Type
Article
Category
Colonialism
Palestine

Indigenous there, settler here: battling dispossession on stolen land

Seventy-four years ago, 700,000 Palestinians—or 80 per cent of the population—were expelled and ethnically cleansed from my homeland. My grandparents, who were teenagers at the time, were expelled from Al-Lydd, Historic Palestine, were forced to seek refuge in Jordan. They resided in refugee camps for the decades to come and, since then, no member of my family have returned to our rightful home.

This is what we describe as the Nakba (catastrophe). This year, a common theme within Nakba events was that Nakba is not a singular event, but an ongoing process. This was particularly felt as tensions began to rise in Occupied Palestine. Just weeks before Nakba day, an Israeli Supreme Court issued a ruling which allowed the destruction of villages in Masafer Yatta, in Hebron, occupied West Bank.  Over 1,200 residents face expulsion to allow the occupying Israeli government to create an army firing range.

The Nakba is ongoing. Seventy-four years on, Israel continues to ethnically cleanse Palestinians.

A couple of days before Nakba Day, Palestinian journalist Shireen Abu Aqleh was murdered by the Israeli miliaary. Her funeral was then attacked by Israeli police, establishing that colonial state-sanctioned violence against Palestinians would extend from life into death. Since then,  no accountability processes have been put in place.

The Nakba is ongoing. However, our story of dispossession is not unique, but rather forms part of the many stories of Indigenous populations being uprooted, murdered and having their lands destroyed by violent colonial regimes, including the land we live on, so-called Australia. Here, colonisation is ongoing, and Indigenous people continue to face its violence.

Since 1991, there have been over 500 deaths in custody with no forms of accountability or meaningful investigations. As recently as 2020, Yorta Yorta Woman Tanya Day died in police custody and, despite the coroner finding that the police officers involved should be referred for criminal investigation, a decision was made not to prosecute. As I write this article, the traditional lands of First Nations People are under constant threat from being destroyed in the interests of mining companies and the state. In 2020, Rio Tinto blasted a 46,000 year old Aboriginal sacred site in Jukkan Gorge, Western Australia, for profit, ignoring the pleas of elders and indigenous members of the local community, the Puutu Kunti Kurrama and Pinikura people. 

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Despite being forced into exile, and holding refugee status, Palestinian refugees whose families were exiled in 1948 living on colonised lands are settlers, too. In the context of so-called Australia specifically, we benefit off stolen land at the expense of First Nations people actively subjugated by colonial violence. In more recent years, our supposed inclusion in society and the exploitation of Arabs as symbols of multiculturism have been used as tools by the state to conceal its racist and colonial legacy that seeps systemically and impacts Indigenous people the most. For example, on ‘Australia Day’—a day marked by the violent invasion of traditional lands, and genocide of First Nations people and their culture—multiculturalism is often celebrated. This is used as tool to highlight Australia’s supposed inclusiveness, and encourage celebration of ‘Australian identity’ at the expense of First Nations peoples in this colony. As such, it is important for us living in so-called Australia to examine our relationship with the colonial violence inflicted on First Nations people.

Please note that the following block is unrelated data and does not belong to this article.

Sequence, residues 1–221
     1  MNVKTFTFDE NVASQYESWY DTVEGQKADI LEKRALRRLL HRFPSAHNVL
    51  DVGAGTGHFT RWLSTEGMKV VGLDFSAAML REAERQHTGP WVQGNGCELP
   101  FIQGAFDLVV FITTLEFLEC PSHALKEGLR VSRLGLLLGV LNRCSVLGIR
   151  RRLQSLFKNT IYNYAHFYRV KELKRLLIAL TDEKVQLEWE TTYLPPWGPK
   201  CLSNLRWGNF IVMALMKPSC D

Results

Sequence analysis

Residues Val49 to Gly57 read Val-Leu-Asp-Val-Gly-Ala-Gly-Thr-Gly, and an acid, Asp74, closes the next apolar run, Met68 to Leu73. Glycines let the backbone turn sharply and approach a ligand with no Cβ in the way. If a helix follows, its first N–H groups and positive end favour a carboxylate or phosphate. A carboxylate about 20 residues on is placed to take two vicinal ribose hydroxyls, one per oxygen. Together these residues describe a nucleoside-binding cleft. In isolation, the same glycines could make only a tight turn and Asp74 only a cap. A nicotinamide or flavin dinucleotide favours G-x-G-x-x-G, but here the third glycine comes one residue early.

Some insist on arguing that Australia is an inclusive society and racism is just a thing of the past and, as issues of race became prominent in the recent elections, they were often countered by manipulating the idea of Australia’s multicultural society. Yet, in spite of the fact that First Nations in Australia are the most imprisoned population on Earth, neither party campaigned on decolonising legal structures with the aim of reducing the rate of incarceration. Additionally, as Sarah Collard reports, there were no policies directed at reducing the socio-economic gap between indigenous and non-indigenous Australians, and no commitment to reducing costs in remote and reginal communities—this , despite the election fought over reducing the cost of living and improving the economy. As noted by Dr Chelsea Watego, ‘there is no left and right in the colony.’